That balance between family and work is important to Rajni Jacques, the fashion director at Allure and Teen Vogue. While her husband David Dowd ends up getting more interaction with their son Diego during fashion week, she tries to make sure she spends time with the family, and her husband also texts and calls her “every second.” “I also invite him to certain events so we can spend time together,” she says. The two have been together since 2002, and she’s been doing fashion week for at least 10 years, so their approach has definitely changed. “Before it was just the two of us, and he would come to a lot of things with me. It was cool having a partner in crime at events. But now it’s different—we have a more robust life, so we have to prioritize.”

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For Dowd, that means not always tagging along to the festivities: “…where in the past I’d sometimes tag along [for] hors d’oeuvre and open bars… as the years have passed, I’ve become more content to stay home. And now that I have Diego at home, it is not even up for discussion.”

Making Pitstops Between Shows

It’s a similar situation for Kerry Pieri, the fashion and features director at BAZAAR.com, who now balances her work obligations with taking care of her one-year-old, Lila. Normally, she tries to get home around 6 P.M., but fashion week makes that a little more difficult; instead she tries to get home for dinner and then heads out to a late show or event. “The apartment can definitely get a little ‘bombed’ with clothes… so [her husband] Steve (and Lila) do a great job helping me keep things organized,” she says. And those missed moments are often replaced with a surprise lunch, afternoon coffee, or meet-up in the park, when she can stop home in between shows.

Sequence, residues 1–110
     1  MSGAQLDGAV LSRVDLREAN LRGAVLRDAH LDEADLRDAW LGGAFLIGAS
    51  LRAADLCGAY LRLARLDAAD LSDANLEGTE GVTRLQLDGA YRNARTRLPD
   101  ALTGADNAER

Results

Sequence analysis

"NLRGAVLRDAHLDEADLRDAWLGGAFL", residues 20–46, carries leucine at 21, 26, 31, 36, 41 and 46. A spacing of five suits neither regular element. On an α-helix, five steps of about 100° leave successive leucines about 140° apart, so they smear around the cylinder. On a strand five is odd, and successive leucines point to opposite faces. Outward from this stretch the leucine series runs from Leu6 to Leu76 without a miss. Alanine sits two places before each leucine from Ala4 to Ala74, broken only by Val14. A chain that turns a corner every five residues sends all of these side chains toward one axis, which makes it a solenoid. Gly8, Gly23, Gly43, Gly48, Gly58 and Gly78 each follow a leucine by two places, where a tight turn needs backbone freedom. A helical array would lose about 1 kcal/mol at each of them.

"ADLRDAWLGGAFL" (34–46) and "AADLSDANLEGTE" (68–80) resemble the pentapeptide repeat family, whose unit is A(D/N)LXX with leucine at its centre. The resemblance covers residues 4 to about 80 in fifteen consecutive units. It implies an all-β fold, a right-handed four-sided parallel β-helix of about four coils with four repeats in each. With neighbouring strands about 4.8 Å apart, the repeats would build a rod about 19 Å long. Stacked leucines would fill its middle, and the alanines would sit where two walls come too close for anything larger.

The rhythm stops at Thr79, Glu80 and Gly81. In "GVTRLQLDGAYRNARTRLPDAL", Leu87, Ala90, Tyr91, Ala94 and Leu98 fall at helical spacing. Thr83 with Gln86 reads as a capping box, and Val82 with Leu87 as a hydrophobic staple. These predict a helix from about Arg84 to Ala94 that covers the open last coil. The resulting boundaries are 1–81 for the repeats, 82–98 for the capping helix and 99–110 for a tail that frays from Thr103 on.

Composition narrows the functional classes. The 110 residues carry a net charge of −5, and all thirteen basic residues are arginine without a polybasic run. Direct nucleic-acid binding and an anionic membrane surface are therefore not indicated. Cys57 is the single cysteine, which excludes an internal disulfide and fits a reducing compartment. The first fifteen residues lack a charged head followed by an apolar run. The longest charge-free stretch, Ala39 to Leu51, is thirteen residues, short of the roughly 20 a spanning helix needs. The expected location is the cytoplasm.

She says her husband was pretty used to her “disappearing act” when they were just dating—they’ve been through about 10 years worth of fashion weeks by now—but things have definitely gotten harder now that there’s a baby involved: “Those marathon brand dinners are a non-starter now.”

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Getting In Some FaceTime

Diana Tsui, senior market editor at The Cut, admits that, during fashion week, she normally sees her husband, Chris Wu, in the morning before she leaves and for about 10 minutes before bed every night. While they do text throughout the day, once she heads over to Europe, she avoids texting due to the time difference and instead tries to FaceTime before going to bed.

“We both know it’s a busy time, and we’ve been together so long that I don’t think we necessarily miss each other,” she says. “I will say that Chris does try to make sure there’s some sort of food or takeout at home just in case I don’t get to eat dinner.

The two have been through 10 years worth of fashion weeks—and at this point, everyone in their lives knows Tsui is MIA every September and February—but the biggest change came when Tsui first started going to Europe; Wu had to fend for himself and now makes plans to go camping with friends while she’s gone.